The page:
Isotope sourcery and the importance of detritus in fueling food webs.
Fry, Brian*,1, Galvan, Kari1, Fleeger, John1, Coleman, David2, Carman, Kevin1, Demopoulos, Amanda3, Currin, Carolyn4, Levin, Lisa5, Neira, Carlos5, 1 Louisiana State Univeristy, Baton Rouge, LA2 University of Georgia, Athens, GA3 University of Hawaii, Honolulu, HI4 NOAA National Ocean Service, Beaufort, NC5 Scripps Institute of Oceanography, La Jolla, CA
ABSTRACT- Food webs are almost always complex. One aspect of this complexity is that plant food resources at the base of food webs differ greatly in quality and quantity. In many systems, abundant plants and their dead remains (detritus) are easy for humans to see and count, but of low nutritional value or hard to access for consumers. Perhaps alternative cryptic plant species are really the key basal food resources, not detritus. These thoughts have fueled several decades of ecological research, in disparate fields and with different approaches. In an effort at synthesis, this talk considers terrestrial radiotracer experiments that bear on the importance of detritus in food webs, as well as related marine studies that used stable isotopes. Several studies show that energy from low-quality plant detritus is mostly dissipated in microbial food webs, while rarer, high-quality foods can fuel production of highest trophic levels. But there is also considerable variation in how individual food webs are poised with respect to the importance of low-quality-but-high-quantity detritus, and we consider indices that help predict this broad range of importance for detrital inputs.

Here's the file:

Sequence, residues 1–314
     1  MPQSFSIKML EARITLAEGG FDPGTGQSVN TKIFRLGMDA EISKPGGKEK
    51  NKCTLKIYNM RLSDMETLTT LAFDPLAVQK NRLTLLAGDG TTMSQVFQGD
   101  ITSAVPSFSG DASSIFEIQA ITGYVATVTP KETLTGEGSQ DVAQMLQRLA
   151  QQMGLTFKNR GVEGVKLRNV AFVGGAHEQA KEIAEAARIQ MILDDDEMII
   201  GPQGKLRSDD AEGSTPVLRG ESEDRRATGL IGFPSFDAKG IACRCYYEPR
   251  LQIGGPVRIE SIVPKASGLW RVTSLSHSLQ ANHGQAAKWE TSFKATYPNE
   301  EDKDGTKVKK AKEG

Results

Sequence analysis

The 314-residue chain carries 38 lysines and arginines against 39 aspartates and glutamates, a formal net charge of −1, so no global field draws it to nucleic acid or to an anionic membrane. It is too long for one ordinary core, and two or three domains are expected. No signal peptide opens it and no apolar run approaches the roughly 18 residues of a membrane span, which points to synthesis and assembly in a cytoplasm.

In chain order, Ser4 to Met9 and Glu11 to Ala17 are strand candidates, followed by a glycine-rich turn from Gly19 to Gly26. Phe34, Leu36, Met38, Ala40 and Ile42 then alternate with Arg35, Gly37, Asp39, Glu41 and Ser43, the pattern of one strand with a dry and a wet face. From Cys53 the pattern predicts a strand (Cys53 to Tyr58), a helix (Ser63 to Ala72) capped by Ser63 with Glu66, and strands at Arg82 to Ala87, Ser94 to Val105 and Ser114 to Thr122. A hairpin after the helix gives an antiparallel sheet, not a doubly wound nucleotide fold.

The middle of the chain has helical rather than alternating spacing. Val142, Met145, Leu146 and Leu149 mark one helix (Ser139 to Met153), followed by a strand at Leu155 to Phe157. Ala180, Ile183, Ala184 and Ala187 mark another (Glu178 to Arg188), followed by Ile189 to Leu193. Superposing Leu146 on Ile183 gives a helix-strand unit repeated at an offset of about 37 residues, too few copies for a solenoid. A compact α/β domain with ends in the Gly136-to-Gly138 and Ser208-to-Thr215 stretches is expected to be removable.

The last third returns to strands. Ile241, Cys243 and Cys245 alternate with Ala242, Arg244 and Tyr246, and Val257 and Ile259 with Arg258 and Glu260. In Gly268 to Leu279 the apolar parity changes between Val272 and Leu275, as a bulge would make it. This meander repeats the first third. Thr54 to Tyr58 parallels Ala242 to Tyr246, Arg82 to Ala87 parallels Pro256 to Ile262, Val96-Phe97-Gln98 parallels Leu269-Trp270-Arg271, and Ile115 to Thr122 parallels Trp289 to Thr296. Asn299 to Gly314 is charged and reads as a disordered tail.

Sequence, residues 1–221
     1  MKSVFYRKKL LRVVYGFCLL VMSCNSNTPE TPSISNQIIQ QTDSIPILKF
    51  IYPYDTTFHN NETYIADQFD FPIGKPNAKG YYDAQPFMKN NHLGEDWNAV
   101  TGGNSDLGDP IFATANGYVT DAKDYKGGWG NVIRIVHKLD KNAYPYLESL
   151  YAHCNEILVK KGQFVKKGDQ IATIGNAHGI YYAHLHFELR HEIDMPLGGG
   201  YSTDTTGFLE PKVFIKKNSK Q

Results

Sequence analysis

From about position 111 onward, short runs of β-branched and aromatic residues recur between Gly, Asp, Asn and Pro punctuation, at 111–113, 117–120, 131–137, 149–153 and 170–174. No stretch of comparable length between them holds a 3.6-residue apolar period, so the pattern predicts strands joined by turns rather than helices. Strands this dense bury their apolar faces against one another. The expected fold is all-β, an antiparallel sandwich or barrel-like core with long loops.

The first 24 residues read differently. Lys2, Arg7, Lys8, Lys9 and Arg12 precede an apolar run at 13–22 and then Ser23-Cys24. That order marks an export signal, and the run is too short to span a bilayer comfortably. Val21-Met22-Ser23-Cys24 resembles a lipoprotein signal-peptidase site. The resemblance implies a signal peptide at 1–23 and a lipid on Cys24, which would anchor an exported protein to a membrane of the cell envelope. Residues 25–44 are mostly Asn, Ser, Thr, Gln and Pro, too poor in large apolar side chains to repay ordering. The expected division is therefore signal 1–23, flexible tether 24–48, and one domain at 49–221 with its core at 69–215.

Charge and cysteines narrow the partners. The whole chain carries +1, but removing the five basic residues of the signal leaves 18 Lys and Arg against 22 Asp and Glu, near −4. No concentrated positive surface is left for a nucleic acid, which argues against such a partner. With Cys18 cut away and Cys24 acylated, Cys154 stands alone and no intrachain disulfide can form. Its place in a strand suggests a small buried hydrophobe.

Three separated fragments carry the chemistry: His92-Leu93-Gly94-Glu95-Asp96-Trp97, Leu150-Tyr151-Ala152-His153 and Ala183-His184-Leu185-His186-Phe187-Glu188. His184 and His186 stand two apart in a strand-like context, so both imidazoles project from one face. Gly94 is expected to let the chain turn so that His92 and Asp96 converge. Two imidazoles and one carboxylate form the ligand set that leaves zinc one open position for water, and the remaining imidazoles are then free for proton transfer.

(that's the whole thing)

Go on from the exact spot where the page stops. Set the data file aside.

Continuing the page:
Key words: radioisotopes, detritus, stable isotopes, food webs
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